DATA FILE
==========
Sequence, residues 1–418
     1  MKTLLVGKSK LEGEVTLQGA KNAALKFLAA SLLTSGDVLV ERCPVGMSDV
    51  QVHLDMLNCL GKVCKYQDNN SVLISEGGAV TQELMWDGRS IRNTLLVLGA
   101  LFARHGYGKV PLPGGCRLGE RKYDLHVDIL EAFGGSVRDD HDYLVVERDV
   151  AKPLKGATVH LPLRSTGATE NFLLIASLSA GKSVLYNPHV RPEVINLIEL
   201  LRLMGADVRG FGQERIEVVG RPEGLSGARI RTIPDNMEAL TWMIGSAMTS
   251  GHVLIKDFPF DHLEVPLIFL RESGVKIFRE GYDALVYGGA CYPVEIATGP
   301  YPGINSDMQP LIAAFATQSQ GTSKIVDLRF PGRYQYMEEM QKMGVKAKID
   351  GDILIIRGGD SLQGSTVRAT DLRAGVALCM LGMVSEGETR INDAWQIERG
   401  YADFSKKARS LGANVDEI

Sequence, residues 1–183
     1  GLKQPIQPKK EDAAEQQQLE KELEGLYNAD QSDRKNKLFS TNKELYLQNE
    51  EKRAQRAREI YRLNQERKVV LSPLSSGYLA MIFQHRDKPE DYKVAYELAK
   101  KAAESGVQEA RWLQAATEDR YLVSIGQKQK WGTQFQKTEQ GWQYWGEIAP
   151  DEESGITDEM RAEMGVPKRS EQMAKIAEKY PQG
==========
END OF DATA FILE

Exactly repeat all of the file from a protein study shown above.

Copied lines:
Sequence, residues 1–418
     1  MKTLLVGKSK LEGEVTLQGA KNAALKFLAA SLLTSGDVLV ERCPVGMSDV
    51  QVHLDMLNCL GKVCKYQDNN SVLISEGGAV TQELMWDGRS IRNTLLVLGA
   101  LFARHGYGKV PLPGGCRLGE RKYDLHVDIL EAFGGSVRDD HDYLVVERDV
   151  AKPLKGATVH LPLRSTGATE NFLLIASLSA GKSVLYNPHV RPEVINLIEL
   201  LRLMGADVRG FGQERIEVVG RPEGLSGARI RTIPDNMEAL TWMIGSAMTS
   251  GHVLIKDFPF DHLEVPLIFL RESGVKIFRE GYDALVYGGA CYPVEIATGP
   301  YPGINSDMQP LIAAFATQSQ GTSKIVDLRF PGRYQYMEEM QKMGVKAKID
   351  GDILIIRGGD SLQGSTVRAT DLRAGVALCM LGMVSEGETR INDAWQIERG
   401  YADFSKKARS LGANVDEI

Sequence, residues 1–183
     1  GLKQPIQPKK EDAAEQQQLE KELEGLYNAD QSDRKNKLFS TNKELYLQNE
    51  EKRAQRAREI YRLNQERKVV LSPLSSGYLA MIFQHRDKPE DYKVAYELAK
   101  KAAESGVQEA RWLQAATEDR YLVSIGQKQK WGTQFQKTEQ GWQYWGEIAP
   151  DEESGITDEM RAEMGVPKRS EQMAKIAEKY PQG